Regeneration of native plants on abandoned Mallee farmland in south-eastern Australia Academic Article uri icon

abstract

  • The vegetation is described on 12 sites from which mallee vegetation has been cleared and which have since been left undisturbed for periods from 1 to 39 years. Comparisons are made with three virgin stands. Early regeneration in paddocks is dominated by annual herbs but shrubs, especially Acacia, Dodonaea and Cassia. usually become dominant. Wind-dispersed or soil-stored seed allows species to occur after severe site disturbance. Rabbit grazing effects on native plants appear not to bc catastrophic at present. The only site studied in detail where mallee eucalypt seedlings were seen was a!ong a firebreak recently cleared through virgin mallee. Minimal competition from older eucalypts is an important factor for eucalypt beedllng establishment. No eucalypt seedlings were found more than 10 m from a seed source. Such regeneration is facilitated by seed release following fire or felling. Competition from shrubs and lack of an adequate seed source may well mean that eucalypts will no longer dominate the climax vegetation in many areas. their place being taken by formerly seral species of Acacia and Dodonuea. The findings have features of both the tolerance and inhibition models of succession of Connell and Slatyer.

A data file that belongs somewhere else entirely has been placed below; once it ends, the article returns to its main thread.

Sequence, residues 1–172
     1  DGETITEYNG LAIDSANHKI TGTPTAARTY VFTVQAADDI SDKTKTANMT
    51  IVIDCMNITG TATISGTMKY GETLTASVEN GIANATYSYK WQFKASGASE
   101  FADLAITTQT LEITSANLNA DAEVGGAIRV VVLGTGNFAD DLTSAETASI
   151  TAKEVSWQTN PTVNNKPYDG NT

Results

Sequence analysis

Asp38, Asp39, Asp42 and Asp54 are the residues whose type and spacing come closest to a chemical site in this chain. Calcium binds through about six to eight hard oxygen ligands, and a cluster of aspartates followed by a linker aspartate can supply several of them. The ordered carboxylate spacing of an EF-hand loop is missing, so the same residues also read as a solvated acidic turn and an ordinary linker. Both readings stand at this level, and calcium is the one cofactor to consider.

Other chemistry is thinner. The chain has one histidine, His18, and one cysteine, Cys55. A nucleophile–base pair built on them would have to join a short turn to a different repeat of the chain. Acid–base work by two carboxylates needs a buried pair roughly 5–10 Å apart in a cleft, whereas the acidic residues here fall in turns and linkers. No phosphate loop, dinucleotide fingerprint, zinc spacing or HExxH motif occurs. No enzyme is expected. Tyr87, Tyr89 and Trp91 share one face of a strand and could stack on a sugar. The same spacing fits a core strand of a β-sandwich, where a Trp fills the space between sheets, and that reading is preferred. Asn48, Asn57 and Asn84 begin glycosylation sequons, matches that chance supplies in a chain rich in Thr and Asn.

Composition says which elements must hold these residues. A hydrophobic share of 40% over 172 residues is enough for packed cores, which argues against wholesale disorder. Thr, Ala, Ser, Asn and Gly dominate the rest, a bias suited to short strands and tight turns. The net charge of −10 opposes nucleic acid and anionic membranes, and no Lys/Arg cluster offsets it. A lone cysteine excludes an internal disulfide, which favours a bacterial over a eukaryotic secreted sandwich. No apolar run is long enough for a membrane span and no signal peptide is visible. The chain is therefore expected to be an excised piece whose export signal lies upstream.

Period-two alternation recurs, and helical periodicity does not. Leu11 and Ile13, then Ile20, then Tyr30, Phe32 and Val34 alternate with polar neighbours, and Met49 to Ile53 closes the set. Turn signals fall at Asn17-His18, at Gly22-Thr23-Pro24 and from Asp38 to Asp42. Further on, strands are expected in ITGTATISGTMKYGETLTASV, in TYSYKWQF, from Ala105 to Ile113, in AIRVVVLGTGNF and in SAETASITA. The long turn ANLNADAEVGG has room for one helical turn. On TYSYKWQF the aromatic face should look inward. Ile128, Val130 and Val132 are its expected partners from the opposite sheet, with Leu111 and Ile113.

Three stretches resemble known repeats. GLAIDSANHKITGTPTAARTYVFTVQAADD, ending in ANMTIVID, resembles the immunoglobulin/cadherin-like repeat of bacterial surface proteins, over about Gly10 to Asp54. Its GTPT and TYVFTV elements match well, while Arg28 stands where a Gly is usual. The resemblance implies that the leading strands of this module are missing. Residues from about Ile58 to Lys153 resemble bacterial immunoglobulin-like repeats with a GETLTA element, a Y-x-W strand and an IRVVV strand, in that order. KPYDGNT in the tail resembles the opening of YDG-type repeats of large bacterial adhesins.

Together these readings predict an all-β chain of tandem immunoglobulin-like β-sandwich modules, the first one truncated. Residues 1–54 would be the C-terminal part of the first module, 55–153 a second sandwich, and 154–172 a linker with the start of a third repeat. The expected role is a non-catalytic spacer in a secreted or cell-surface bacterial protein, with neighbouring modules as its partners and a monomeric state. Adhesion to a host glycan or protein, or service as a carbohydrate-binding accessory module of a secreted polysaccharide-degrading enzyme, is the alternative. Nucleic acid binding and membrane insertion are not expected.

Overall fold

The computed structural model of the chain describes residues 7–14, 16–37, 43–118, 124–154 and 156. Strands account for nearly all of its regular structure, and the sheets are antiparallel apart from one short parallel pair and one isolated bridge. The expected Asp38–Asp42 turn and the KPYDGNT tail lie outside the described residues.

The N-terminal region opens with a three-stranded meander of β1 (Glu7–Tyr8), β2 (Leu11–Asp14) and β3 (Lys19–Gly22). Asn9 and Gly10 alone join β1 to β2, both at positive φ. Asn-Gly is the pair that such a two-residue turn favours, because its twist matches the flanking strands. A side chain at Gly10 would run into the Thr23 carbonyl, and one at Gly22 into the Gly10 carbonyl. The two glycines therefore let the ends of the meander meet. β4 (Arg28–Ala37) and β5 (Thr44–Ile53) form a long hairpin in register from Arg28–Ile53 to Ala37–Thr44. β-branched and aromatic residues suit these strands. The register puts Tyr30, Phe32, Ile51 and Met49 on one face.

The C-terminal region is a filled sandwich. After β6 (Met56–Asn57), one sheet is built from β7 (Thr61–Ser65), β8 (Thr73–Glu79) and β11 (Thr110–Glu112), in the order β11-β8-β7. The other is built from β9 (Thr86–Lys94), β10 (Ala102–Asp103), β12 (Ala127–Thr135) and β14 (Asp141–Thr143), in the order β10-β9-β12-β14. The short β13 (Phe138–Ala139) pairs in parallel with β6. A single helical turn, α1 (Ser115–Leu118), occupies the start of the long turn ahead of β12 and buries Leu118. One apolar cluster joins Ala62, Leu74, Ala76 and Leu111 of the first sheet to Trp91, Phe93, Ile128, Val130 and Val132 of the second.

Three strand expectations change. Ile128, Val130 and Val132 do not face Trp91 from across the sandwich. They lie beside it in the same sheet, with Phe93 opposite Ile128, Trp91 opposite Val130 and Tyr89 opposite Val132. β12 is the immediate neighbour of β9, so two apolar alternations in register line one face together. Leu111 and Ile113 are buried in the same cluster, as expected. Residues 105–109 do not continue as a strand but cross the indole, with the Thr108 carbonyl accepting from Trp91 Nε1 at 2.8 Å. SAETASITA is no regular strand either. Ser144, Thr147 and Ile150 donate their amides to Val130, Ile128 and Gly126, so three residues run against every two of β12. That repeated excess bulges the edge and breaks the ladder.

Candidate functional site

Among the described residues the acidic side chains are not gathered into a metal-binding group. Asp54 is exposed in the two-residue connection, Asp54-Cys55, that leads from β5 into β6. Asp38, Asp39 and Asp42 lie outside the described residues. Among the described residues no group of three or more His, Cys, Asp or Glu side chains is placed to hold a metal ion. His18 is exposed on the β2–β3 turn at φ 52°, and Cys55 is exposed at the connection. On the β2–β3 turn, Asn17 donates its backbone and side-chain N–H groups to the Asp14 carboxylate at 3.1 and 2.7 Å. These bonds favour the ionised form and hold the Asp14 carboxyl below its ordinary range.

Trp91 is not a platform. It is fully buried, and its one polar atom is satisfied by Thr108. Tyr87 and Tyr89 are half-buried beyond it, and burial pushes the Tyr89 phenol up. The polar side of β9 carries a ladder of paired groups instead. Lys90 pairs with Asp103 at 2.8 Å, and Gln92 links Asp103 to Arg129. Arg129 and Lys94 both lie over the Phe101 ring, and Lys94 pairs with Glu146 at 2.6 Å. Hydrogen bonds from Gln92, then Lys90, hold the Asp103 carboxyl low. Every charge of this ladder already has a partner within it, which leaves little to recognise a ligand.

publication date

  • 1980